The Value of Free Speech: An Open Letter of Sorts to Colin Moriarty

No pictures, no videos, no flashy banners. The following are only words.

I think it’s fair to say that anyone that takes anything seriously has written off IGN.com as a credible website. People who still frequent their site are often only there to get the most basic of information or because they are directed there by friends to observe their latest spectacle of an editorial commentary. It seems to me that editors like Colin Moriarty, who frequently post outlandish and serpent-tongued opinions, are merely attempting to drive traffic to their website at the expense of valid dialog, journalist integrity, and good sense of the public. Discussion of such points, however, are not the topic at hand.

No, today’s post is a direct response to Colin Moriarty’s editorial about political correctness. His offensiveness to common sense travels beyond his hate of colons and his seeming love of starting sentences with conjunctions. The newest assault aimed at online journalism reads like a crazed right wing manifesto about the sins of political correctness and makes a martyr of this country’s glorious tradition of free speech. If one were to make a list of stupid political conservative tropes, Moriarty surely has hit most of them. In just under 1,300 words, he is able to quote a founding father of America, invoke the memory of 9/11, and not so subtly tell people who may be offended by controversial content to go fuck themselves. Mind you, this is all an article about video games. To me it’s paramount to a professional sports writer using the holocaust as a point of reference in a story about a one sided match of baseball. It’s distasteful, ham handed, and lazy as a writer.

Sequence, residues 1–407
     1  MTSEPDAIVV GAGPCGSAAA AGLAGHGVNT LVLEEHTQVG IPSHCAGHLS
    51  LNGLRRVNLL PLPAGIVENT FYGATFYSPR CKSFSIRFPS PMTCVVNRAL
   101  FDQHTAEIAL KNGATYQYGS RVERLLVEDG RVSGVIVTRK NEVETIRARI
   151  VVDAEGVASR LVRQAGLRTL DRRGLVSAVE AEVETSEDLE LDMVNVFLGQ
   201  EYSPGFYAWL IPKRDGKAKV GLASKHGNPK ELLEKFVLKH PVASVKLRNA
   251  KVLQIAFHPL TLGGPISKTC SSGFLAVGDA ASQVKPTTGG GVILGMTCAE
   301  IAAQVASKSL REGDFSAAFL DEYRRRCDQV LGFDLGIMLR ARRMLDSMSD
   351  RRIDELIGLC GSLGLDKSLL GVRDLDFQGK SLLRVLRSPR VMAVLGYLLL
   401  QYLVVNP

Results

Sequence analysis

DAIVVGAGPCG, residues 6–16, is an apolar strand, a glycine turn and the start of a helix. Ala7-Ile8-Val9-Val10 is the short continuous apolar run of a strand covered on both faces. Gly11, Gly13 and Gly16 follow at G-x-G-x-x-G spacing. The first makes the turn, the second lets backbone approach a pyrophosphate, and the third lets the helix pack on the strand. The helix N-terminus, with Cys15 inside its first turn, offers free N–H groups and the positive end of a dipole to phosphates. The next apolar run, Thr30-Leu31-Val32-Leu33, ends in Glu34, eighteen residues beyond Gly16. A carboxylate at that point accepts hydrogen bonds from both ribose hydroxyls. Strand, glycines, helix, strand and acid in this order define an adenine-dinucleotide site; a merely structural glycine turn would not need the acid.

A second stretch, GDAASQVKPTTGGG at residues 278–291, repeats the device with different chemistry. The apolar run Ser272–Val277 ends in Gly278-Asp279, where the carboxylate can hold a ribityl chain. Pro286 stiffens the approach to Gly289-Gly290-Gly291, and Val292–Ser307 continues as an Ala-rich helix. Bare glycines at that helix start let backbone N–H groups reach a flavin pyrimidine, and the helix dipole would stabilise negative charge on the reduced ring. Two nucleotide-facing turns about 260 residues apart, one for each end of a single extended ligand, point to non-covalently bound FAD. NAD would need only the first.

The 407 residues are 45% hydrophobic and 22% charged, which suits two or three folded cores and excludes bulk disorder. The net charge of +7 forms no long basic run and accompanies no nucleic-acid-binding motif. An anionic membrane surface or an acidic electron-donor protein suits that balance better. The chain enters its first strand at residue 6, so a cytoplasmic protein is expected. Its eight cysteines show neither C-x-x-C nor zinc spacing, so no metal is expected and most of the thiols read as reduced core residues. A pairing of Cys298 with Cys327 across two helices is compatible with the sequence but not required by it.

Don’t get me wrong, I have the deepest respect for Ben Franklin. He was a wise man and contributed many wonderful things to our world. While I hold his opinion on many matters in the highest regards, I doubt his relevance when it comes to video games or in discussions of the modern day’s social climate. As creative as he was, I have trouble believing possibility and social ramifications of television shows, video games, and the internet were within his realm of daily thought. Even if he were to think of such products in a fever dream, I’m sure they rarely affected his daily thoughts. As such, his validity as a source in these discussions are moot.

Another fundamental problem with this writing is there is no clear consideration for the differences between freedom of speech and common courtesy. Just because we’re allowed to say something, doesn’t me we should. Just because it’s acceptable to speak on the topic of rape, murder, and other vile things that unfortunately populate our world, doesn’t mean we should do so carelessly. I hesitate to say they shouldn’t be the topics of joking, for humor is often one of our best balms. A well structured joke can often illustrate the lunacy of a topic, and said topic’s inclusion doesn’t automatically mean it is the subject of the joke or being taken as a lighthearted subject.